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Debilitating Depression

Debilitating Depression

Clinical depression is a serious condition that needs to be treated. The following article provides information about its indicants, as well as treatment options.
PsycholoGenie Staff
Depression is a chronic psychological condition that affects a person physically, as well as emotionally. The word 'debilitating' means a condition wherein strength and vitality get severely impaired. In case of a person affected by debilitating depression, one's ability to lead a normal life is severely affected. Stress, traumatic life events, genetic factors, medical conditions that are characterized by malfunctioning of the neurotransmitters, etc., are some of the contributing factors. Long-term treatment is required for helping the affected individuals.

Important Indicants
The psychological manifestations are:
  • The person may have a constant feeling of sadness or unhappiness that is fueled with extreme hopelessness.
  • The sufferer may not show any interest in activities which he/she used to enjoy earlier.
  • He/she may exhibit anger or frustration over petty issues.
  • He/she might have reduced or no sex drive.
  • Extreme loss of appetite might result rapid weight loss. However, in some people, the symptom may be otherwise.
  • Affected individuals might suffer from lack of sleep or abnormal sleepiness.
  • Major depressive disorder brings about a constant spell of restlessness in the person, which makes him/her indecisive.
  • It is common for the affected people to have a late reaction to body movements, speech, and thoughts.
  • He/she might have suicidal thoughts and crying spells for no apparent reason.
Physical manifestations include unexplained fatigue, low energy levels, back pain, or headaches.

Medical Intervention
The treatment methods encompass the use of medications and psychological counseling. The standard classes of drugs that are prescribed include:
  • Atypical antidepressants
  • Drugs for anxiety
  • Drugs for stabilizing mood
  • Monoamine oxidase inhibitors (MAOIs)
  • Norepinephrine and dopamine reuptake inhibitors (NDRIs)
  • Selective serotonin reuptake inhibitors (SSRIs)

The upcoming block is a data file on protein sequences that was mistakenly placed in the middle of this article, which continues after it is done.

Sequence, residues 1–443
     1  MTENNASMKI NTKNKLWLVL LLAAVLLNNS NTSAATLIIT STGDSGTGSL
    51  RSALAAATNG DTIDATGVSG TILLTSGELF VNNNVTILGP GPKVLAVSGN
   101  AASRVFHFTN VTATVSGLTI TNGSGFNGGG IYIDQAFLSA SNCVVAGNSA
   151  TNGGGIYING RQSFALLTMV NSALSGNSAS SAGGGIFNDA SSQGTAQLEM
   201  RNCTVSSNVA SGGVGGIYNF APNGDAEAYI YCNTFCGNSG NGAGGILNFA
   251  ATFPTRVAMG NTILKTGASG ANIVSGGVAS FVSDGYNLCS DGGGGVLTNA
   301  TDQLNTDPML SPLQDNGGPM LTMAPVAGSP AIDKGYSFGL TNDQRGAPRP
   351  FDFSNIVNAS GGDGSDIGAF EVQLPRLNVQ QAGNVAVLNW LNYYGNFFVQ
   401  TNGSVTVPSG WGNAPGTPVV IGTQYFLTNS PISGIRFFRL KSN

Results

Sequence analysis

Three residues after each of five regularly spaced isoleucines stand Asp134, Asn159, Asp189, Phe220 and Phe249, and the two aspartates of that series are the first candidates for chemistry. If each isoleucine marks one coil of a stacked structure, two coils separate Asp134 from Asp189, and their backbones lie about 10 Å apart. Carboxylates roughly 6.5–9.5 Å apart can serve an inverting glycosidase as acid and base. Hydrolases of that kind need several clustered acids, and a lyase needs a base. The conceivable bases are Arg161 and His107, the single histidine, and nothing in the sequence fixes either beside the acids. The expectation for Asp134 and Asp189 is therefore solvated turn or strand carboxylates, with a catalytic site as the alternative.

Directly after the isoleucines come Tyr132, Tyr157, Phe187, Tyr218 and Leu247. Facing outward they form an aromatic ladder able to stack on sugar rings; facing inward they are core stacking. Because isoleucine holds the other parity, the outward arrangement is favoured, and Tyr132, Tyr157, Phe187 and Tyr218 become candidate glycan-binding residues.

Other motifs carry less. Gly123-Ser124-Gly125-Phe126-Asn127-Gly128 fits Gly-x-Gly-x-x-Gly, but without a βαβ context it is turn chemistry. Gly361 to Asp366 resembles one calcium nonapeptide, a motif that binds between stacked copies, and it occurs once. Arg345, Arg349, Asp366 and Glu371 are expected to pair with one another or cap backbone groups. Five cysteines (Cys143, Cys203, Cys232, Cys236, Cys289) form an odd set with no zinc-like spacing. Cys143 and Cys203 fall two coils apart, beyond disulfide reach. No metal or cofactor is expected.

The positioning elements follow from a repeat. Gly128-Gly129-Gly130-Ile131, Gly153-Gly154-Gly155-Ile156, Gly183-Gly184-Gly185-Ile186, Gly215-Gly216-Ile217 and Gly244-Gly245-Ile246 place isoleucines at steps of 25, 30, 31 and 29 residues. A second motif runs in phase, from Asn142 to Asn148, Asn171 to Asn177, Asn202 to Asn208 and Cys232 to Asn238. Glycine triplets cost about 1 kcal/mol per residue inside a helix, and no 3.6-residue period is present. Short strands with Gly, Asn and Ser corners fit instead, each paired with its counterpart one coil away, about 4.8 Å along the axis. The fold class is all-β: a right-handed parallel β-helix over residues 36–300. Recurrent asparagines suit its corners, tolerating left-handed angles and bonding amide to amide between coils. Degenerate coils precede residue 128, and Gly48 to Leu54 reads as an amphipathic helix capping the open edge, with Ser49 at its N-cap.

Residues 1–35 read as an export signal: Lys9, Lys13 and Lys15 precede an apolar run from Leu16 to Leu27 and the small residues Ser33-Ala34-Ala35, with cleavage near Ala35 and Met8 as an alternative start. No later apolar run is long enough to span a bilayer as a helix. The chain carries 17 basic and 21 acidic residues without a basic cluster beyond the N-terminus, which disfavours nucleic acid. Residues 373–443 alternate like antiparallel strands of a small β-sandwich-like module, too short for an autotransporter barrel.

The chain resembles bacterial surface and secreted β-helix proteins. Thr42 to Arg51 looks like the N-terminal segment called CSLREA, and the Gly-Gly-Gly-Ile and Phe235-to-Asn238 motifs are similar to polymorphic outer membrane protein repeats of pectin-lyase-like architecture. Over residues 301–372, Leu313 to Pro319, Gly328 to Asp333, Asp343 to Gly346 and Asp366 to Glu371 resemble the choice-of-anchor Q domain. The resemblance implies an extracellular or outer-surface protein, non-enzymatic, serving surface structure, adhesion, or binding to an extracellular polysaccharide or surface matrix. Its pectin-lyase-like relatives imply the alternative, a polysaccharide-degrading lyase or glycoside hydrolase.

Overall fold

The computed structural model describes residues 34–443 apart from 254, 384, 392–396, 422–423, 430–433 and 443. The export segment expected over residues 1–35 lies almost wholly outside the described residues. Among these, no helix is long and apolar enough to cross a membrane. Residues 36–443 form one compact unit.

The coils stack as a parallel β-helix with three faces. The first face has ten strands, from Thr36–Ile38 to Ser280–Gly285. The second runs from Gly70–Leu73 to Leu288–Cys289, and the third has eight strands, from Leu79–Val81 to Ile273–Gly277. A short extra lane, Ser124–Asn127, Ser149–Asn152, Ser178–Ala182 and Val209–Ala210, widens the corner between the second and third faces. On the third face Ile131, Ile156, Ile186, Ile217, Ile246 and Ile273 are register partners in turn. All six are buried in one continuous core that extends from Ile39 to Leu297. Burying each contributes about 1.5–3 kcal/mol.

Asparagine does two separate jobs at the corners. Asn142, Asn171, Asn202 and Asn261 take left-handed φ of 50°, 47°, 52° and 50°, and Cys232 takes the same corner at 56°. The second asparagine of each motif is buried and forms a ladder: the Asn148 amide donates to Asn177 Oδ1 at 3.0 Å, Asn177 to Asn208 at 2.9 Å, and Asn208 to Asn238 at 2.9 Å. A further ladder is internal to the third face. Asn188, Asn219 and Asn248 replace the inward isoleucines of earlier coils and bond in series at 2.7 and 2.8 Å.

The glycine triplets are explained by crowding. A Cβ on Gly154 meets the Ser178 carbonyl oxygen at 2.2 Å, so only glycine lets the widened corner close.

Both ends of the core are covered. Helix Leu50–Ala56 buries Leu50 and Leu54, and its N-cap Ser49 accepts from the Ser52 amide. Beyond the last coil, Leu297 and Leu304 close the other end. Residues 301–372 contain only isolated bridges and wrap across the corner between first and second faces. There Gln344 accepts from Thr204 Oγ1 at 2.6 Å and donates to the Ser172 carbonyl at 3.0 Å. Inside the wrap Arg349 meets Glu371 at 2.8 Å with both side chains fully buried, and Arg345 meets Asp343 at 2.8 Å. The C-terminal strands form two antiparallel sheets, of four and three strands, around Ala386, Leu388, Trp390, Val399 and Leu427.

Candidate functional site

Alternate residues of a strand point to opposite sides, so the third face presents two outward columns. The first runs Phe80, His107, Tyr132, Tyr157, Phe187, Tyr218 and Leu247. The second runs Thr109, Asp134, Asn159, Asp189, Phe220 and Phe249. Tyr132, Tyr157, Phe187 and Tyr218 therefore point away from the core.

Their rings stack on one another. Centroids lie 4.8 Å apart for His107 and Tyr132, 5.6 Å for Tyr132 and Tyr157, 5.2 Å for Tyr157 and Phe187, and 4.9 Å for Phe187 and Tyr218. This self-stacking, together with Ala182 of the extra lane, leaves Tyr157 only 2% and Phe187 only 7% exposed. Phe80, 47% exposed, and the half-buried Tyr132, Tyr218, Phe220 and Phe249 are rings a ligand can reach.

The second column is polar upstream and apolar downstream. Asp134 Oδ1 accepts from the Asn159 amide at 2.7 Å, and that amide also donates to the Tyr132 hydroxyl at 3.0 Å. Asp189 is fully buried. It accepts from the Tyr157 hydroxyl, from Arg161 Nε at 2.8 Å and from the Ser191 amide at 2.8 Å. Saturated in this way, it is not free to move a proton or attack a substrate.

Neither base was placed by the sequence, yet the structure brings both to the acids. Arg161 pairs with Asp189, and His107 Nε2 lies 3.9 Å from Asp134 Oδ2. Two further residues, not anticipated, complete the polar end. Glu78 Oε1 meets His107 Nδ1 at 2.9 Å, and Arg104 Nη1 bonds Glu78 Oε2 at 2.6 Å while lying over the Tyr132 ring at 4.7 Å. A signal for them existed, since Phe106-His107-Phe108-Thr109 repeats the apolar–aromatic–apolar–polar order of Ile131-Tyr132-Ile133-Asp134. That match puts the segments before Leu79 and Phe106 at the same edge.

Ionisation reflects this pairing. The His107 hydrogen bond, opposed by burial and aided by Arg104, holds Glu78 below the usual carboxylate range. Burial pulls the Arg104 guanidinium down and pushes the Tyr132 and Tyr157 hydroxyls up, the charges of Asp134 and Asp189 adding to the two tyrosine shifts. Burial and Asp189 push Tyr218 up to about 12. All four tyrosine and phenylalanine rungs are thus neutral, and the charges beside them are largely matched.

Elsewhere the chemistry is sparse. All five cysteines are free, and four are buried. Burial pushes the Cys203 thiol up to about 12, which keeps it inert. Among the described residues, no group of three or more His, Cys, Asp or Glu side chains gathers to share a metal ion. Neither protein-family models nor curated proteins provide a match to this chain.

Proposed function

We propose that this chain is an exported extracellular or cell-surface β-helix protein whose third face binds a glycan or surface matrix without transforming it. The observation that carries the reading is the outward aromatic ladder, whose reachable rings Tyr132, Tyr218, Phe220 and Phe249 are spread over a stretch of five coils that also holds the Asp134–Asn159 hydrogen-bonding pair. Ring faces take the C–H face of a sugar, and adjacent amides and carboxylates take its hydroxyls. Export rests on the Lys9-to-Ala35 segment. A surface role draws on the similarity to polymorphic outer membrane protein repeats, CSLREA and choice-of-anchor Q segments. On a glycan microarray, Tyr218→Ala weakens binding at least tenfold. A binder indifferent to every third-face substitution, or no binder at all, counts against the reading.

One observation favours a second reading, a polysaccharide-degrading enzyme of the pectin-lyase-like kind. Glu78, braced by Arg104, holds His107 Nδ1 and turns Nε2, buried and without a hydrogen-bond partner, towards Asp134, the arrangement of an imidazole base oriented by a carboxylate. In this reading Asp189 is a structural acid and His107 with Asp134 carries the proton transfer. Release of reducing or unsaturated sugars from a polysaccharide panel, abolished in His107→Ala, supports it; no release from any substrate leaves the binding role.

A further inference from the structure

• Serotonin and norepinephrine reuptake inhibitors (SNRIs)
  • Stimulants
  • Tricyclic antidepressants
Doctors recommend drugs after analyzing the patient's condition. When it comes to treating a case of severe depression, the importance of counseling cannot be undermined. The expert tries to understand the mental state of the patient, and talks to the patient during these sessions, providing a channel through which the patient vents his/her emotions. The aim of psychotherapy is to change the negative thoughts and behavior of the patient, and help him/her learn ways to cope with situations that might be depressing. Above all, experts help the patient set realistic goal for himself/herself in life, which is important to face the real world.

Electroconvulsive therapy (ECT) is a method wherein electric current is passed through the brain, in order to target the neurotransmitters in the area. In most cases, this therapy has been able to provide immediate relief from the symptoms. This method is usually preserved for patients who have not shown any improvement even with the help of medications. Vagus nerve stimulation is another method wherein electric impulses are fed to the brain, with an attempt to affect the mood centers. This method is also employed, when other conservative treatment options have not worked. In another therapy called transcranial magnetic stimulation, powerful surges of magnetic flux are used for improving the symptoms.

Besides following the guidelines provided by the doctors, patients or their family members can take several self-care measures at home to prevent the condition of the depressed individual from worsening. These would include identifying the symptoms, and making sure that the patient stays physically active, gets plenty of sleep, and abstains from smoking, alcohol, and drugs.

Disclaimer: The information provided in this article is solely for educating the reader. It is not intended to be a substitute for the advice of a medical expert.